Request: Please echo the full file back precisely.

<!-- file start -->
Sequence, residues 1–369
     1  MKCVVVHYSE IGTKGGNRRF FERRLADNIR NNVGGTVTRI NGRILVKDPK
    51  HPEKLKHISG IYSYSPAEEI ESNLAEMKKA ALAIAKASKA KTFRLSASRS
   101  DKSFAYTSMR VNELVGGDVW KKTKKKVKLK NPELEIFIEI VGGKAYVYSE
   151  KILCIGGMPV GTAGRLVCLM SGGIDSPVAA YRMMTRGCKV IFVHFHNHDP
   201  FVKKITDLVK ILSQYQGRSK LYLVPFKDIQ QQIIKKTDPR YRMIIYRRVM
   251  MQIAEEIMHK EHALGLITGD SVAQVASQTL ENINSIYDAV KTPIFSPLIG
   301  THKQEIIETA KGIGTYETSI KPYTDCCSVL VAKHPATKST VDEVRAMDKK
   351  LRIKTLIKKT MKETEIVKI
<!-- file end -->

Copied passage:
Sequence, residues 1–369
     1  MKCVVVHYSE IGTKGGNRRF FERRLADNIR NNVGGTVTRI NGRILVKDPK
    51  HPEKLKHISG IYSYSPAEEI ESNLAEMKKA ALAIAKASKA KTFRLSASRS
   101  DKSFAYTSMR VNELVGGDVW KKTKKKVKLK NPELEIFIEI VGGKAYVYSE
   151  KILCIGGMPV GTAGRLVCLM SGGIDSPVAA YRMMTRGCKV IFVHFHNHDP
   201  FVKKITDLVK ILSQYQGRSK LYLVPFKDIQ QQIIKKTDPR YRMIIYRRVM
   251  MQIAEEIMHK EHALGLITGD SVAQVASQTL ENINSIYDAV KTPIFSPLIG
   301  THKQEIIETA KGIGTYETSI KPYTDCCSVL VAKHPATKST VDEVRAMDKK
   351  LRIKTLIKKT MKETEIVKI